8. Always an ongoing discussion about lay participation in the Mass among many in my little denomination of Old Catholics in the United States — that laity do not feel a part of the Mass unless there is some form that allows for fuller participation by having dialogue prayers — the presider prays one part of the prayer out loud the the congregation prays another part of the prayer, with the presider concluding the prayer. For some this dialogue prayer is also a part of the Eucharistic Prayer, with a back and forth between the congregation and the presider. I find it an odd adaptation. And not always prayerful.

  9. Thanks Bosco – I have never been comfortable with the whole congregation praying the Collect for the Day – for all the reasons you give above. In many parishes the Collect is printed in the Sunday bulletin – fine for further reflection, but that is all.

    In those places which use a datascreen for the words of the Liturgy (and I am with you overuse of this technology)for some reason the Collect of the Day is rarely included, so the congregation then dive down and grab their Sunday bulletin just to read these words…

    I’ve always preferred the practice in most RC parishes where the hymns, songs etc take up one side of a folded A4 sheet – anything more seems like too many words to me!

  10. The whole assembly praying the collect (or prayer of the day as Lutherans call it) is a pretty common practice in several congregations. I have sought to end this practice in all 3 of my parishes. Especially in my first parish in a very rural setting. Many folks were not great readers, and so unfamiliar texts like a new collect every week was hard to read and say out loud. Members appreciated being able to hear the prayer, instead of stumblingly read it.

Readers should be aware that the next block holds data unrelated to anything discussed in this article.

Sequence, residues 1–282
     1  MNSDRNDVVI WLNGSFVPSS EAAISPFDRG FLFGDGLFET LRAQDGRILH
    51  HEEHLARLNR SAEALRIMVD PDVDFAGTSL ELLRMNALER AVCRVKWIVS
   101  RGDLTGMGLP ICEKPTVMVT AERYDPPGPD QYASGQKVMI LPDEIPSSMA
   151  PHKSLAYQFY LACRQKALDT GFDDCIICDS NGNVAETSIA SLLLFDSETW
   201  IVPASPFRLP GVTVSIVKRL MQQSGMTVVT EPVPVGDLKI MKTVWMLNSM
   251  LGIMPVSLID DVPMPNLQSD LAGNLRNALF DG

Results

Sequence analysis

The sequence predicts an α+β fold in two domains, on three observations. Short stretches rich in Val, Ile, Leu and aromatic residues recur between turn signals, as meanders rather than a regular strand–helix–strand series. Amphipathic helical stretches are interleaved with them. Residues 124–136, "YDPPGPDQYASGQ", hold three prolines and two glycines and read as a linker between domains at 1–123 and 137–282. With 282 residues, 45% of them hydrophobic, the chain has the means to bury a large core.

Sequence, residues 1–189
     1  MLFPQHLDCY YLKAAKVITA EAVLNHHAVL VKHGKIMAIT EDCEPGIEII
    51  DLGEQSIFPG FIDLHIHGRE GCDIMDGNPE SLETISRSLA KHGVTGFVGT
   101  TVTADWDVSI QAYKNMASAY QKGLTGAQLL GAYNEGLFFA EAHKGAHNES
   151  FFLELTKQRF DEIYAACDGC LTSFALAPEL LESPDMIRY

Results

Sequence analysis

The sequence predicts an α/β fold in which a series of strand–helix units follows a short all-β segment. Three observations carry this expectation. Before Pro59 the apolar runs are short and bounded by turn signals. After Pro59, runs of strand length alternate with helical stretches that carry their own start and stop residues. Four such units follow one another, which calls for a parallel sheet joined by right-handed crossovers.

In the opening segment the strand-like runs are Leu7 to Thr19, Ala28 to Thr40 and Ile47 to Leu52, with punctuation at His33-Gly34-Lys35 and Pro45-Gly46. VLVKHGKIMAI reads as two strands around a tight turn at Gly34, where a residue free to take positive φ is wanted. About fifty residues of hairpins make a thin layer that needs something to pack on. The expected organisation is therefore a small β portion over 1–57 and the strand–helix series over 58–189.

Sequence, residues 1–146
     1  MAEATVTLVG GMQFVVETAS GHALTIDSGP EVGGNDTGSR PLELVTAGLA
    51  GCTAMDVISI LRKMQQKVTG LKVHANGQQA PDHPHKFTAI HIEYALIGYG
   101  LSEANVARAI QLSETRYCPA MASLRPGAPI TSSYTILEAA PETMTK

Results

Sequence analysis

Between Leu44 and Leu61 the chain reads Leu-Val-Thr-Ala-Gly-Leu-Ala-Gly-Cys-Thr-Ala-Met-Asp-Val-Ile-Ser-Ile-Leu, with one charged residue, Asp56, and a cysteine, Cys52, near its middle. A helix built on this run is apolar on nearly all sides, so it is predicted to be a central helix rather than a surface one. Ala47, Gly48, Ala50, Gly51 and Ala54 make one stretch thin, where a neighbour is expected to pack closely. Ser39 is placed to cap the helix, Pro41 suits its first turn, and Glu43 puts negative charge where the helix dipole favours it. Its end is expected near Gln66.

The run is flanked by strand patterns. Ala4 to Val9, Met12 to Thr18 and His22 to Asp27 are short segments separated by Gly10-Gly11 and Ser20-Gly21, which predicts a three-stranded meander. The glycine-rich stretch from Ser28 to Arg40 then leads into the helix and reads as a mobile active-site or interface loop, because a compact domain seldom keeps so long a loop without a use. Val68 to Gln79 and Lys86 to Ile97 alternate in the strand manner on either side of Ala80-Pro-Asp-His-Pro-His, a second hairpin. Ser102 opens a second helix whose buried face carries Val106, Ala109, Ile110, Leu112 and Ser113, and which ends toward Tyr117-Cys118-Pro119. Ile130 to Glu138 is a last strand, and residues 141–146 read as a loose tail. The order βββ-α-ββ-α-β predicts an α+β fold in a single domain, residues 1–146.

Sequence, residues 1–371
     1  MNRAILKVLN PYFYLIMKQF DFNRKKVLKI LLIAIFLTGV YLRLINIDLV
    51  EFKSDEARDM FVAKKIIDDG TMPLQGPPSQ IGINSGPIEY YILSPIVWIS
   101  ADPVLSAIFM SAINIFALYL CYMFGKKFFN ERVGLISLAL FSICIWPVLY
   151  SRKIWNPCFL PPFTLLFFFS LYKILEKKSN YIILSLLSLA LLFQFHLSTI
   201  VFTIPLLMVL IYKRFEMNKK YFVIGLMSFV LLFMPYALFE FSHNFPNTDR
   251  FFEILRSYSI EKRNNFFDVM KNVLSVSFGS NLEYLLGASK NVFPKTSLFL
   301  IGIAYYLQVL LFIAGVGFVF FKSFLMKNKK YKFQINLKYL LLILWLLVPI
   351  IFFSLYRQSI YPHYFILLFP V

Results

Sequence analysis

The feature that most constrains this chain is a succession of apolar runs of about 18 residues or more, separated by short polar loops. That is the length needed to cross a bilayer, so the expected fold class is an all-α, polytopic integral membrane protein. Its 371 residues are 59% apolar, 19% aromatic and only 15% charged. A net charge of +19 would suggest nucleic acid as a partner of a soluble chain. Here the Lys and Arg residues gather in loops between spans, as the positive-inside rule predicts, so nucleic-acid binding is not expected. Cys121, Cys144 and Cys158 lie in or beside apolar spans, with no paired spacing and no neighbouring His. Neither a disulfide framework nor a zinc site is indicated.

I am sure there are several reasons as to why the practice came about, but perhaps the biggest one was mostly unintended. About 30 years ago many churches began purchasing pre printed bulletins, which had the lectionary appointed lessons, some artwork related to the texts and the liturgical date and colour on one side and were blank on the other for individual congregations to print their own service info. The publishers began including the collect or prayer of the day, and since most Lutheran churches were low churchly in their worship style, started praying the prayer of the day out loud and collectively. I think many pastors, who tended to view liturgy as something akin to eating vegetables – good for you, but in an unenjoyable way – figured that since everyone had the collect now, we should all pray it. I should check, but it might be the case that only the minister’s desk edition of the hymnal actually had the collects. They weren’t in pew hymnals.

    In any case, the Lutheran seminary in western Canada has been more liturgically oriented for the last decade and many newer grads are implementing liturgical reforms like returning the collect to the presider to be spoken.